Business Entrepreneur

The Idea Integration Co. Is Making Advertising More Amusing

Who recalls the disastrous, now-deleted tweet that beer maker Pabst Blue Ribbon put out at the beginning of the year to commemorate Dry January? It was the type of crass, low-hanging fruit you might expect from, well, a beer company on social media. Months later, most have forgotten the advertising faux-pas, but Saul Colt hasn’t. And while PBR reps were quick to explain away the tweet in question as being written in poor judgment, the founder and creative director at The Idea Integration Co. measures the social media snafu more matter-of-factly.

“That was not something that would happen from professionally funny people. That happens with people who think they’re funny.”

Colt knows a thing or two about professionally funny people. Listed among Canada’s best community builders and experiential marketers, he has staffed his new award-winning boutique marketing and advertising agency full of them.

Spanning professional illustrators, cartoonists, graphic designers, copywriters, and animators, The Idea Integration Co.’s in-house creative lineup is comprised primarily of alumni from MAD Magazine. The Simpsons, and The New Yorker, too, including Dick DeBartolo, Tom Richmond, Ian Boothby, Theresa Burns Parkhurst, and Bill Morrison. Each boasts a long history of deeply comprehending and mercilessly parodying the advertising industry.

“People want interesting stuff. Who better to give them interesting stuff than the people who have held a mirror up to society for years? That’s the purpose of satire,” Colt explains. “It’s to take the truths and make them funny.”

But not all satire is based in humour, he proceeds to point out. Citing David Ogilvy — the modern advertising pioneer who famously declared that you can’t bore people into buying your product, you can only interest them into buying it — Colt again emphasizes the importance of the truth.

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“That’s always been the basis of advertising. It’s always been about creating the truths that connect with people, and creating desire out of that.”

Still, Colt is of the opinion that consumers are itching to be wowed. They want to laugh. They want campaigns that stand out from the ever-saturated advertising landscape. He’s not mistaken.

According to data analytics and brand consulting company Kantar, statistics show that even in uncertain times, 75 percent of a brand’s audience is asking for humour in their advertising. An October 2021 survey by HubSpot similarly revealed that 35 percent of audiences remember ads that are funny, versus 8 percent who remember celebrity-driven ads.

The Idea Integration Co. has set out to satisfy this demand by declining to deliver “off the shelf” solutions. To make unknown brands known, and known brands category leaders, the agency specializes in word-of-mouth marketing and branded content creation, as well as stunts that get noticed, shared, and drive revenue.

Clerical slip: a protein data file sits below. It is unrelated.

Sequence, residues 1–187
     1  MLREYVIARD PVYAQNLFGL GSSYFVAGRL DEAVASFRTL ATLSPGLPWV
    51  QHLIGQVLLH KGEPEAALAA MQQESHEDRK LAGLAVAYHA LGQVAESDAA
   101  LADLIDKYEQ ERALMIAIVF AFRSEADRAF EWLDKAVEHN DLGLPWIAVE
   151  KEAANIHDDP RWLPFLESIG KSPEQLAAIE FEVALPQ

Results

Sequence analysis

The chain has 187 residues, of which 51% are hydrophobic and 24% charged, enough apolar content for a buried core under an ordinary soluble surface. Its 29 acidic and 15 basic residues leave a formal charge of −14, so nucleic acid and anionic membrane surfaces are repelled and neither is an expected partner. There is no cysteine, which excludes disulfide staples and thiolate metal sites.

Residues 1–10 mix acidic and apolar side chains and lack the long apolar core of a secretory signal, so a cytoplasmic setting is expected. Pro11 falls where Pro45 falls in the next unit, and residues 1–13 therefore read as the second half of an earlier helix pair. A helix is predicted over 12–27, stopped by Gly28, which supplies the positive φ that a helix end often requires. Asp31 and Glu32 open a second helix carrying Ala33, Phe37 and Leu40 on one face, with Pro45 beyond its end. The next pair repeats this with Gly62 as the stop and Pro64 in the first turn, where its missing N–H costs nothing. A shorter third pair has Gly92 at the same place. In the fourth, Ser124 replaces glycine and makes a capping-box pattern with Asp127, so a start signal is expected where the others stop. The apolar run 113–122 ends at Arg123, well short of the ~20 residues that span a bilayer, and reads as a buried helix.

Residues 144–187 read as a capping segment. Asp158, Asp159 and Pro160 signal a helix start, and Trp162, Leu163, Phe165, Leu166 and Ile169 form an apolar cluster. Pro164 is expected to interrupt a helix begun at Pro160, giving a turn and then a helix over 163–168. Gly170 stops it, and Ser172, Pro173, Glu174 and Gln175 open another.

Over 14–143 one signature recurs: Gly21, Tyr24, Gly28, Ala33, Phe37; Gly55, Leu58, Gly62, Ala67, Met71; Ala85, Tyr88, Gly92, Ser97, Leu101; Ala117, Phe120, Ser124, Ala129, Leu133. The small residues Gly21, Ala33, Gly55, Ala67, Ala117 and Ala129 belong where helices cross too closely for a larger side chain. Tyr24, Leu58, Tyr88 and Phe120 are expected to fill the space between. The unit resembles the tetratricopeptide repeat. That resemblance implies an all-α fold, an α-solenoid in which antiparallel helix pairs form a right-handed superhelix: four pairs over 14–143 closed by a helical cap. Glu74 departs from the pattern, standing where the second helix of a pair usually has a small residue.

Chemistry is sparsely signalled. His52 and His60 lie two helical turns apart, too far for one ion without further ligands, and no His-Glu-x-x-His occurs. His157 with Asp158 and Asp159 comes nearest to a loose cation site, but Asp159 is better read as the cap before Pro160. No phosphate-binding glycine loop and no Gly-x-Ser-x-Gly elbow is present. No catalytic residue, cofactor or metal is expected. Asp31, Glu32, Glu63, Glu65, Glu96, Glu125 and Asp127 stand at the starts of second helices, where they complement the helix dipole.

In-house advertisement marking the launch of The Integration Idea Co.

It has used skywriting to plug a cloud-based service. It has hired individuals to protest the launch of its own client’s product to get the media interested. It did a fashion show for a belt brand where all the models were naked. It built a functioning, life-size version of the board game Operation for a trade show booth. These are just a few examples.

“The goal of great advertising, at least funny advertising, is to make someone laugh and scratch their head, and wonder where that came from,” Colt says. “Some people do it extremely well. We’re doing it a millimetre better.”

Working with giant firms, indie start-ups, and everything in between, The Idea Integration Co. wants to collaborate with brave brands, and brands that want to be brave. Colt actually feels his gang could join forces with quite literally anybody because the intention isn’t to entice clients to meet the agency’s level of risk. Instead, it’s to meet clients just a little further away from their own.

“We have to get brands out of their comfort zone, but we also are the shepherds of the brand. It is about understanding what you can get away with and where the line is — and only crossing [that line] a little bit.”

No, the agency’s brain trust isn’t just “throwing grenades over the wall” and hoping for the best. The Idea Integration Co. realizes it has to originate campaigns that are going to provide clients with the results they’re looking for.

“That’s part of the reason I really love this idea about creating content and ads from people who are not classically trained advertising people,” Colt explains. “Because they’re going to look at things through a very different lens.”

Unfortunately, many brands do resist being edgy in any conceivable way, favouring a conservative but limiting approach. When they do take little left turns, however? It gets noticed.

“When you think of brands like Nike, you can only show athletes being great so often,” Colt says. “So, when they take stands on things and really plant their flag in the sand, which is part of their DNA, that gets remembered. It starts conversations. All advertising is supposed to do is sell things and start conversations. I think that nuance has been lost.”

Despite conceding this, Colt isn’t suggesting that whatever The Idea Integration Co. conceives next will eclipse the efforts of his creative contemporaries. Rather, the agency’s offerings will continue to approach advertising and marketing from a unique, alternative angle.

“It’s not going to be derivative. I believe our work will be more memorable because it’s going to look and feel so much different from everything else. Whether that’s sustainable or whether people follow us in our direction, or go as far in the other direction, only time will tell.”

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